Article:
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Algorithms Quietly Run the City of DC— Here is the detailed Information.

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WASHINGTON, DC, is the base of one of the most powerful governments in the world. It’s also home to 690,000 people and 29 obscure algorithms that influence their lives.

The city’s agencies employ automated screening to identify applicants for housing, predict recidivism for criminals, identify fraud in food assistance to determine if a school student is likely to drop out, assist with the sentencing decision of youngsters, and many more.

The snapshot of semi-automated city life is based on an upcoming Electronic Privacy Information Center (EPIC) report. The non-profit investigated for 14 months the use of algorithms by the city and found that they were employed in 20 different agencies, including greater than one-third of them being used in criminal justice and policing. In many instances, the city’s agencies should have disclosed the exact details about how their technology functioned or was utilized. The team working on the project concluded that the city was likely to be using additional algorithmic processes that they could not discover.

EPIC has delved into one city’s use of AI to show how they impact residents’ lives and inspire other cities to engage in similar activities. Ben Winters, who leads EPIC’s work in AI as well as human rights, states that Washington was selected partly because about half of people living there identify as Black.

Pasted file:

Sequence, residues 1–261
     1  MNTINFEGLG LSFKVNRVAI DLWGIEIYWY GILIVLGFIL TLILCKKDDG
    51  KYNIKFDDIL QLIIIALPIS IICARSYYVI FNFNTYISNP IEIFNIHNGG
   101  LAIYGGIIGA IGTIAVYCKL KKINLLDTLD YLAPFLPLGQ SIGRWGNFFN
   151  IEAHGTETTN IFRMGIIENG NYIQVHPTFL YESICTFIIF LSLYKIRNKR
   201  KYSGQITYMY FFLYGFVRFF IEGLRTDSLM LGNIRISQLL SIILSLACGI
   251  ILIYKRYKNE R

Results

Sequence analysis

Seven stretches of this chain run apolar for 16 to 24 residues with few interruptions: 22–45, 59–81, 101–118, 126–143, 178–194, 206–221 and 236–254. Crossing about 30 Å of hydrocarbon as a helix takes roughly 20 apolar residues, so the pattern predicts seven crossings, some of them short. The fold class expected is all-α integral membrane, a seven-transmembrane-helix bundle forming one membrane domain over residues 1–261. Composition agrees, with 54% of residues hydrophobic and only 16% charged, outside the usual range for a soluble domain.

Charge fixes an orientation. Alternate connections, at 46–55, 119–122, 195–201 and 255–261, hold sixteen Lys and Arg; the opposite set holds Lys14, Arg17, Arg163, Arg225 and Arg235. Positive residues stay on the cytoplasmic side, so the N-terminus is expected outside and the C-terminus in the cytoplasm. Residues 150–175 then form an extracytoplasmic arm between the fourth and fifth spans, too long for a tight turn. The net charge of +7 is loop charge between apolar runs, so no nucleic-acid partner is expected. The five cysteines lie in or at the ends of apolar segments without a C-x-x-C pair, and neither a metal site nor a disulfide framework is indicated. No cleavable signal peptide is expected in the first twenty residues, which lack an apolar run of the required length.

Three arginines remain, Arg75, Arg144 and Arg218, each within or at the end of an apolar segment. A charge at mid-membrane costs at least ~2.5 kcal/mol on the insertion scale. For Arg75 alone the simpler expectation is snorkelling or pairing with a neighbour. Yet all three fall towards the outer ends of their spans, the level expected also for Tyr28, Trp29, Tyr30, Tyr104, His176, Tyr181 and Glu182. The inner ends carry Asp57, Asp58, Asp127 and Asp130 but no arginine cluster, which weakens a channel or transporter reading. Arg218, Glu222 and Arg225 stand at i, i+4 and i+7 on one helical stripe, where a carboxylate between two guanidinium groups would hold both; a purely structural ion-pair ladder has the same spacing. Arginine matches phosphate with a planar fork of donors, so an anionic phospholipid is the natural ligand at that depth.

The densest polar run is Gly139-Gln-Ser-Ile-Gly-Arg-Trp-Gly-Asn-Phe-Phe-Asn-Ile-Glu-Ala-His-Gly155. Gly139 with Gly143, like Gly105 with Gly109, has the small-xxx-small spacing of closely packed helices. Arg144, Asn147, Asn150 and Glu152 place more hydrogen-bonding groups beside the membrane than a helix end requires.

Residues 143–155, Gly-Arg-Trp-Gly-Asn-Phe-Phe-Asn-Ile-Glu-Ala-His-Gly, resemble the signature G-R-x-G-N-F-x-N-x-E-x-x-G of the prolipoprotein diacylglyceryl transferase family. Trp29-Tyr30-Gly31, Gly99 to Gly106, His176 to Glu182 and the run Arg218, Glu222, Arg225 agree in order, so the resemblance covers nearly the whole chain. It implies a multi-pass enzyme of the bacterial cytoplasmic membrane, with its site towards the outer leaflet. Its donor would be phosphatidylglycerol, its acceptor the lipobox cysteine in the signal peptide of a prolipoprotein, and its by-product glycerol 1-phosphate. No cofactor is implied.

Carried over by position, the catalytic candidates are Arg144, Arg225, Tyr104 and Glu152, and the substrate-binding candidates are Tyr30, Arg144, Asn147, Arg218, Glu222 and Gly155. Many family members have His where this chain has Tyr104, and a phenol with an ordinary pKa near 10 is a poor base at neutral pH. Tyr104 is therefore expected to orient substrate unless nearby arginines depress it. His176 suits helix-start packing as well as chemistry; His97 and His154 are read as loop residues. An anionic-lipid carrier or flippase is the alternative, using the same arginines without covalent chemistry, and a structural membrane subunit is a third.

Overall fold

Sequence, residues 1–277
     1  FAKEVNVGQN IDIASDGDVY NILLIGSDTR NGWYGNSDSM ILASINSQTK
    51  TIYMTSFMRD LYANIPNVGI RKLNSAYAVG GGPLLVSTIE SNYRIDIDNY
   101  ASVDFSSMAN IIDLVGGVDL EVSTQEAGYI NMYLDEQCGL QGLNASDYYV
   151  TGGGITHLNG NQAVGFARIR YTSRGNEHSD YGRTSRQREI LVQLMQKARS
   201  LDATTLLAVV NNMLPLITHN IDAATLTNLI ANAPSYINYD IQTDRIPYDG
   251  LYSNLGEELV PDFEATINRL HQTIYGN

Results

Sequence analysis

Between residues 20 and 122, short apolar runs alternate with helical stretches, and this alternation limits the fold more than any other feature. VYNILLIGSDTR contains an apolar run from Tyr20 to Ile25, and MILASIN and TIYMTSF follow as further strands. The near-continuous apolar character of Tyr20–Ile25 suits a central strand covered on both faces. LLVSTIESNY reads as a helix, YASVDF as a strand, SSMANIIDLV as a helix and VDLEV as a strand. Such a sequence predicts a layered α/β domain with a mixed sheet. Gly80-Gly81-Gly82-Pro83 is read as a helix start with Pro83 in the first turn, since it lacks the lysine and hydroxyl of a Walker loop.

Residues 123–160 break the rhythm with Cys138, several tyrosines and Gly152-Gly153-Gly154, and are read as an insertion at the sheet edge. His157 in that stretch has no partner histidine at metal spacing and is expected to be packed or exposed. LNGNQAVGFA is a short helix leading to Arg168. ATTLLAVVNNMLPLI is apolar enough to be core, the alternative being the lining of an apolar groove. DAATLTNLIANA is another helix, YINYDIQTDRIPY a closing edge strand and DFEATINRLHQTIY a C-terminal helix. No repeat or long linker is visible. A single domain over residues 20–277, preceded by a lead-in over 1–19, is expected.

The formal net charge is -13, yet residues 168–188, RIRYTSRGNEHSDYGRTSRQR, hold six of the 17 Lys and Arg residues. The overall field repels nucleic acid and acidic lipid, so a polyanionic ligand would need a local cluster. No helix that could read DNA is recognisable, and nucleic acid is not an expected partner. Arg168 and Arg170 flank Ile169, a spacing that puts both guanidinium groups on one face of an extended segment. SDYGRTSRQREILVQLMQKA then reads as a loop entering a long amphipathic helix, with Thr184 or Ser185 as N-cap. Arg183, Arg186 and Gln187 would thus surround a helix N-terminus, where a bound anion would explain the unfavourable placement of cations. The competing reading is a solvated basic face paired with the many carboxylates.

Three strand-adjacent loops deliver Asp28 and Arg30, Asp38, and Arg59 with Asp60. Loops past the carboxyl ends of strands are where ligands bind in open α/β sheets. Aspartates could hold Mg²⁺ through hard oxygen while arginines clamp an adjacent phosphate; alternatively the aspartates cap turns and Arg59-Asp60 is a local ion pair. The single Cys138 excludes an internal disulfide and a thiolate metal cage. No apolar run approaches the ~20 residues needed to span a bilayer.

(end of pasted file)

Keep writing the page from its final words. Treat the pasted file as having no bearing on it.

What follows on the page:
“More often than not, automated decision-making systems have disproportionate impacts on Black communities,” Winters states. For example, the researchers discovered evidence that automated traffic enforcement cameras are more often located in areas with greater numbers of Black residents.
Cities that have a significant Black population have recently been a major factor in protests against the use of municipal algorithms, specifically in the field of policing. For example, Detroit was the epicenter of controversy over face recognition after an incident that led to the fraudulent arrests and convictions of Robert Williams and Michael Oliver in 2019 when algorithms failed to identify both faces. In addition, in 2015, the implementation of facial recognition technology in Baltimore following the murder of Freddie Gray in police custody resulted in several of the original congressional inquiries about police use of this technology.

EPIC was a hunter of algorithms, looking for public disclosures made by city agencies. They also submitted open records requests, as well as requests for contracts and data sharing agreements, privacy impact studies, and other documents. Six of twelve city departments responded by providing documents, including the contract worth $295,000 in partnership with Pondera Systems, owned by Thomson Reuters, which makes fraud and theft detection software known as FraudCaster, which is used to assess food assistance applicants.

It states that governments can assist citizens in better understanding their usage of algorithms by making it mandatory to disclose whenever a system makes an important decision regarding a person’s life. Certain elected officials have favored making public registers of automated decision-making methods used by governments. In the last month, lawmakers from Pennsylvania, the state where screening algorithms had been used to screening algorithm, have been accused of neglecting parents with low incomes and proposed legislation to register algorithms.

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